Young Voices: In the Sticks: England and the Black Lives Matter Movement

Photo provided by Zain & taken by a friend
Young Voices: In the Sticks: England and the Black Lives Matter Movement
Zain on the BLM movement in Hertfordshire

The Black Lives Matter Hertfordshire group has often been received with shock by anyone living outside the Home Counties. Herts is usually seen as masses of green grass and farmers’ fields - not the first location brought to mind when you ask where a black liberation and social justice group is based. However, the resurgence of BLM saw protests taking place in small towns and big cities across the UK, shifting the narrative that change could only begin in the capital.

In Hertfordshire, the group has received mixed responses from the community. Here you can find towns or villages with little or no black people (or other people of colour), where you both feel and are aware of your blackness as something people have a problem with. Other towns where historically Black Caribbean and African people have arrived to build on the foundations of their family do not produce such feeling. I also believe that this experience must be different for each generation of black people growing up in Hertfordshire.

Herts BLM prove why local groups’ groundwork must be undertaken in suburban and rural areas as well as in the Capital. Back in June, a couple of weeks after the murder of George Floyd, BLM Hertfordshire was born. The group organised their first protest amidst a global pandemic in Hoddesdon an area known for its football hooligans and BNP politics.

People of all ages attended the protest, calling out racism in the UK as well as honouring the life of George Floyd. Disturbing anti-protesters showed up dressed in blue, which also included people in all age groups. I remember hearing a few people on the BLM side (there was a literal side drawn out by a line of policemen) and recognised a few faces of anti-protesters from their school, proving that racism won’t just die out and that we can’t afford to be passive in our activism.

Hoddesdon made headlines for having an anti-BLM protest, where members made Nazi salutes and screamed things like “all lives matter” and “go back to Africa” towards a predominantly teenage turnout of peaceful protesters. This experience highlighted not only to the group but throughout Hertfordshire why more work on race relations is needed.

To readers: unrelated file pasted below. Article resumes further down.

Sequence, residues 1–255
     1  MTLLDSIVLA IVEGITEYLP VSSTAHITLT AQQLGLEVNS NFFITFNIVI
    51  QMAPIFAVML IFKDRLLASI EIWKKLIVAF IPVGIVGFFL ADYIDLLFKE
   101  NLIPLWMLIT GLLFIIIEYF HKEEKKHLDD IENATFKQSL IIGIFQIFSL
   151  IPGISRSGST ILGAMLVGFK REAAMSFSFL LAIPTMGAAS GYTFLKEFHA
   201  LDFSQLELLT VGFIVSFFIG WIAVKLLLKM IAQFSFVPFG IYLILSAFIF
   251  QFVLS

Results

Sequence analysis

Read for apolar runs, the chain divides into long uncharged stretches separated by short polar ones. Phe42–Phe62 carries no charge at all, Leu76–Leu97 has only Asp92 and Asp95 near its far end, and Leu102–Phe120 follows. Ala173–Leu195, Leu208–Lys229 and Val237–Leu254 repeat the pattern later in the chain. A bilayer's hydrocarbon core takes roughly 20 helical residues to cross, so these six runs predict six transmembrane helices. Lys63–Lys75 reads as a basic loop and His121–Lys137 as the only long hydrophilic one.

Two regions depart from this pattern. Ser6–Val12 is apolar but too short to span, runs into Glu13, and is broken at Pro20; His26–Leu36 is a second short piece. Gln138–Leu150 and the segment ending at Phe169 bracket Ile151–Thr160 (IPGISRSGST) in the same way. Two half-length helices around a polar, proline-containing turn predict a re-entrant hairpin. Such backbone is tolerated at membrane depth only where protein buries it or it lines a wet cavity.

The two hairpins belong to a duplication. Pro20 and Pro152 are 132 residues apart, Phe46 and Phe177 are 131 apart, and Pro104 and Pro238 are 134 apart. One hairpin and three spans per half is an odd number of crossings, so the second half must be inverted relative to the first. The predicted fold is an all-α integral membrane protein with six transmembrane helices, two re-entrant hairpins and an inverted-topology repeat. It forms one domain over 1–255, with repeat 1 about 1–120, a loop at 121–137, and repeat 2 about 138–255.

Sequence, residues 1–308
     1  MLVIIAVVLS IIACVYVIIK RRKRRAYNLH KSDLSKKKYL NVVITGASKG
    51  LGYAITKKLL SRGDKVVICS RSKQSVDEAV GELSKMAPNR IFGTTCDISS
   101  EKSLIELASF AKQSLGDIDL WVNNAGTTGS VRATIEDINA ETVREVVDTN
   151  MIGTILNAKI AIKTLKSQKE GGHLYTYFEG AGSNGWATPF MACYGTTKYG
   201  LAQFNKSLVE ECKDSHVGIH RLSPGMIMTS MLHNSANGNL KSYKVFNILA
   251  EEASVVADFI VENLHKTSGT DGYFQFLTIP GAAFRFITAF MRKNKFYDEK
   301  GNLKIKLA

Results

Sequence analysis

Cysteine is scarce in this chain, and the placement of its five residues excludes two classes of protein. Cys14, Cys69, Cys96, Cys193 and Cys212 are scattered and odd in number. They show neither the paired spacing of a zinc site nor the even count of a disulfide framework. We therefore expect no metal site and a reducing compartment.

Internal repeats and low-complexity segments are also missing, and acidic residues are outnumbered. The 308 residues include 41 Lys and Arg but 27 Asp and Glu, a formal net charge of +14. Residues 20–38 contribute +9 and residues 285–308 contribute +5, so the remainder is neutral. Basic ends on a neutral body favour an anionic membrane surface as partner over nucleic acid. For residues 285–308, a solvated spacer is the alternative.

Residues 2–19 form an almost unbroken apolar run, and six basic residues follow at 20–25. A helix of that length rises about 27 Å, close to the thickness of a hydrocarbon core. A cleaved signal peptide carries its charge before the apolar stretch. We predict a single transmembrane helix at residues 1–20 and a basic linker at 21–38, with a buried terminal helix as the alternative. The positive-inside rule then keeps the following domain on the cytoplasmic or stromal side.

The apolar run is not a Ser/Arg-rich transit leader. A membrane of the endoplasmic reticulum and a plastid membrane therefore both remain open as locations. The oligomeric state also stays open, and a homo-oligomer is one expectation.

The people opposing us constantly felt the need to mention that they were in fact not racist; just that all lives matter and we had no valid cause to protest. What I found most interesting from this experience was how later in the month, another group of young people organised a protest in St. Albans which was met with a peaceful turnout and no direct interference by racists. This duality is strong in Hertfordshire. Some towns are more apathetic to the topic of racism, some will stand in solidarity, like the huge turnout seen in Hitchin, whilst others mirror Hoddesdon’s response.

This leads me to question the root causes of such harmful ideologies. How do you even begin to communicate or alter racism that dwells in people unwilling to listen? Politically, across eleven MPs two are people of colour, one being black. This isn’t to say we demand that all our local MPs be black or people of colour; but it does act as a reminder that Hertfordshire’s population is around 87.6% White.

Though there have been negatives as local people reveal their deep racism, there have been some good outcomes influenced by the work BLM groups have been doing. For example, Stevenage passed a Black Lives Matter motion, promising more action against racial inequality (which we can hope will be a tangible aid to the community rather than a performative action). We have also been able to raise money, which we plan to use to help further education on black history (not just the enslavement of African people), raising awareness and providing and facilitating education through online platforms.

Though BNP members would like to continue a narrative that the BLM movement is causing more division than unity, we have seen members of community groups reach out with support and aid, whether financially donating or opening their platforms for us to speak on.

Hertfordshire BLM’s main focus has been education and how we can bring impactful/long lasting education to schools and local people. I believe there is a long way to go and a lot more work to be done, but I believe that if we do continue, we will be going in the right direction.